Many people seem to believe that “leadership should be intuitive… [but] just, that's just wrong. That's a myth. Some people have good natural skills when it comes to communication, [and] leadership is basically a communication process.” But even with skills and capabilities, the act of leadership still needs to be learned over time and with practice.
There are many for sure. But here are some of the most critical, according to Erikson:
• Practice listening – hearing without feeling the need to add or debate.
• Practice paying attention – challenge yourself to absorb focus, and process.
• Delegate – begin building trust in members of your team through strategic delegation of key activities that align to their strengths and interests.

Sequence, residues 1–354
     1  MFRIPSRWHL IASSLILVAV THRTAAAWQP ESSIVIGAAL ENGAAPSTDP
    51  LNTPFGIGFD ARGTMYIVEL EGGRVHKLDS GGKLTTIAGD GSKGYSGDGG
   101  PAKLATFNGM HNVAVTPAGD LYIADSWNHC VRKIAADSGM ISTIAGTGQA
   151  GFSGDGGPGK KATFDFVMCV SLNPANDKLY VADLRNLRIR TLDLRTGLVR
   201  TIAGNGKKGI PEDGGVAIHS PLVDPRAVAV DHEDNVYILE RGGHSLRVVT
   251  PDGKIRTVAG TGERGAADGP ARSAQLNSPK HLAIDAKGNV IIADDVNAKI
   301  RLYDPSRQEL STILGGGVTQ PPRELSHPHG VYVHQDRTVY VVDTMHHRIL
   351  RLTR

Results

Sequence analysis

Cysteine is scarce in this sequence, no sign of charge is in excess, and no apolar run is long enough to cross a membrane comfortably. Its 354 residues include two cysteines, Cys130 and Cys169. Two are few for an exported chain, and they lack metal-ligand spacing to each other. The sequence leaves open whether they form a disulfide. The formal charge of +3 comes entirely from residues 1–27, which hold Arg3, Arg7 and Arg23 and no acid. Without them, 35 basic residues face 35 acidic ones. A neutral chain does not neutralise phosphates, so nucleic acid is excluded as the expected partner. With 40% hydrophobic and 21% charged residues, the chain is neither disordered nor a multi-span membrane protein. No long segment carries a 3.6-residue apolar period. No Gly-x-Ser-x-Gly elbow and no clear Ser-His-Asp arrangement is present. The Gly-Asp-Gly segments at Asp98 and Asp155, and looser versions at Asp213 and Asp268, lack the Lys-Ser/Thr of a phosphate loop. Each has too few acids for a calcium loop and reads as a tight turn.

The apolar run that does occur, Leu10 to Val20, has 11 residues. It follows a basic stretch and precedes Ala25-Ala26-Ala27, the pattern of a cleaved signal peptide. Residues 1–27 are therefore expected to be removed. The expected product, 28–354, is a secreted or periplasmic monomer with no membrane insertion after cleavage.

• Give feedback – this is a crucial leadership skill that may feel uncomfortable, and yet it is one of the greatest drivers of growth and development.
Oftentimes, when a boss seems “bad” or an employee “lazy,” the real issue isn’t badness or laziness, but rather a simple mismatch—or misunderstanding—of personality types and styles.
One of the keys to a successful leadership/follower relationship is having each in the dynamic understand the natural style of the other. This helps us both flex our own natural style, while also better understanding where the other may be coming from (instead of just assuming the worst).
So here are the four main personality styles you’ll find in the workplace, according to Erikson (and note, you may have elements of each of these—they are simply categories which can sometimes be helpful in understanding a dysfunctional dynamic):
• The “Red” personality shows up as direct, to the point, goal-oriented, and high-achieving. They tend to be task-oriented, they make quick decisions, and they love a good challenge.